With the prevalence of this Egyptian contest against decay, we may trace the rise also of the superstitious legends respecting the remains of the martyrs. For a body to be found undecayed was in itself assumed as a sufficient evidence of sanctity; and we little know how many of the worst features of Popery in the worship of relics and the multiplication of false miracles, and the adoration of saints, may be traced to the unreasonable indulgence of that human weakness which shrinks from becoming a prey to the worm, and from thus paying the last debt of its sinful mortality.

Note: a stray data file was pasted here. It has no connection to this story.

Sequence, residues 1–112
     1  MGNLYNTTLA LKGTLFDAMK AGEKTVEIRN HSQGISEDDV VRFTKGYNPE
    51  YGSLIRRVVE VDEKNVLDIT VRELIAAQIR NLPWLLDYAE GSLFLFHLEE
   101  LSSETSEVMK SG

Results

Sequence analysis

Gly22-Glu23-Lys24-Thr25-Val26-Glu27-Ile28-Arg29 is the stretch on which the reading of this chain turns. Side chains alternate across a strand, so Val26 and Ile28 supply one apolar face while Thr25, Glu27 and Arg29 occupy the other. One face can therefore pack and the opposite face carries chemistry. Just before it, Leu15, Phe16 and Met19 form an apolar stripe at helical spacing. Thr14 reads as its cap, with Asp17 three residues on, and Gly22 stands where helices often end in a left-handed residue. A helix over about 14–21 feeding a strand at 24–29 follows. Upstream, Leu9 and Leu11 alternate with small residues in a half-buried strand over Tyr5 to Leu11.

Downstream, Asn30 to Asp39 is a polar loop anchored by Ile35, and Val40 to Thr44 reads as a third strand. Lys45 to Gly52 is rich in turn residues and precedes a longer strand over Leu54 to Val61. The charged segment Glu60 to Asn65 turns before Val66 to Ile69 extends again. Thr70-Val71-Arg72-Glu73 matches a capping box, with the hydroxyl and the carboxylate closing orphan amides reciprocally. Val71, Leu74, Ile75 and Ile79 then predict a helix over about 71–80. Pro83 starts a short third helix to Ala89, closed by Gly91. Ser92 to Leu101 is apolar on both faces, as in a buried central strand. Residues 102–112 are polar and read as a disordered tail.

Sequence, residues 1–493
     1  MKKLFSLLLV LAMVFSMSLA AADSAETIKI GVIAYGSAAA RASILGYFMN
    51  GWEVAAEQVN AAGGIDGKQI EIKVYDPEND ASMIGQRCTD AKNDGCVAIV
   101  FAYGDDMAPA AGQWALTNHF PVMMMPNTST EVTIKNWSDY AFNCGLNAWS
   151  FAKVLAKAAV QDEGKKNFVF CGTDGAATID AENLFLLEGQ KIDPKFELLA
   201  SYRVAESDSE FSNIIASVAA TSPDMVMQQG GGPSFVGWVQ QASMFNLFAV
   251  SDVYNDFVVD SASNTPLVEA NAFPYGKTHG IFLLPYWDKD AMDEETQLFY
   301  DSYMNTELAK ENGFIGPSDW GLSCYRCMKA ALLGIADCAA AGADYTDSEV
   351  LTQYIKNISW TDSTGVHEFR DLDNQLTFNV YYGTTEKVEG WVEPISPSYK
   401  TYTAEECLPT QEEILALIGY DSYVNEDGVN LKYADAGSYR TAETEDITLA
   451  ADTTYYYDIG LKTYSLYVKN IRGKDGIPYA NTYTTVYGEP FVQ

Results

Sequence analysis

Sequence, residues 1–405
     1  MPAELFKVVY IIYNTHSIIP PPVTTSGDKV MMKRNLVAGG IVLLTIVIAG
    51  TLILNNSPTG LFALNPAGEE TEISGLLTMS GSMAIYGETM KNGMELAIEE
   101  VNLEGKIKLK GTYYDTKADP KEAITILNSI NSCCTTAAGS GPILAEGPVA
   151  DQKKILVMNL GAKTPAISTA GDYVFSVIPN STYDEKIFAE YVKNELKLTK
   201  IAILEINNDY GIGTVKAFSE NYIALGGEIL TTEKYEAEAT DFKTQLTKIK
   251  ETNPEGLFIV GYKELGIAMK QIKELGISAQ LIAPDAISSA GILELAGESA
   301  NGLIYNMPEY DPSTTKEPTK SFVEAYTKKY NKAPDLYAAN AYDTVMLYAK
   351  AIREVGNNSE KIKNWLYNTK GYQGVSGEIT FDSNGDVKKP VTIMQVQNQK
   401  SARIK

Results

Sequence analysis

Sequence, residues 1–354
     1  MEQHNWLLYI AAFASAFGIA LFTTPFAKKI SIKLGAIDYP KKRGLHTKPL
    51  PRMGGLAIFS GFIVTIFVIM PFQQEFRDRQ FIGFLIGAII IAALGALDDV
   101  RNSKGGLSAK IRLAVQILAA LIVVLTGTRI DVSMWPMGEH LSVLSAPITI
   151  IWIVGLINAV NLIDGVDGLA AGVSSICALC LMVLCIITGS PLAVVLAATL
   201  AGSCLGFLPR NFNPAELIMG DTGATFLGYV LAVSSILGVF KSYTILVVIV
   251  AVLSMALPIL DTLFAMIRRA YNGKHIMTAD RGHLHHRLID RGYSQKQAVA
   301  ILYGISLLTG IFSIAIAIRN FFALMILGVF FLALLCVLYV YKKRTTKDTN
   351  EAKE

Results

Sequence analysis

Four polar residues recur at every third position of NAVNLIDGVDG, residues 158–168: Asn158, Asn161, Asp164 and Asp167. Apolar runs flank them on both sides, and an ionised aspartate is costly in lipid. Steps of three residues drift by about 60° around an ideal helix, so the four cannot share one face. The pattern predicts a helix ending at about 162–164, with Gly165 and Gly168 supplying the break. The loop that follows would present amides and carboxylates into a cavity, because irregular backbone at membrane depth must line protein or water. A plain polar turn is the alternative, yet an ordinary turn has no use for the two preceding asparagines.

If there is anything sound in these views, the first corruption in our church sepulchral monuments must be looked for in the use of stone coffins. They were first formed of different blocks. Subsequently they were hollowed out of a single stone; sometimes with a circular cavity for the head; and sunk but slightly beneath the surface of the ground. It was a natural accompaniment to set upon the lid some mark to describe who lay beneath, in a rude inscription or carving but little relieved.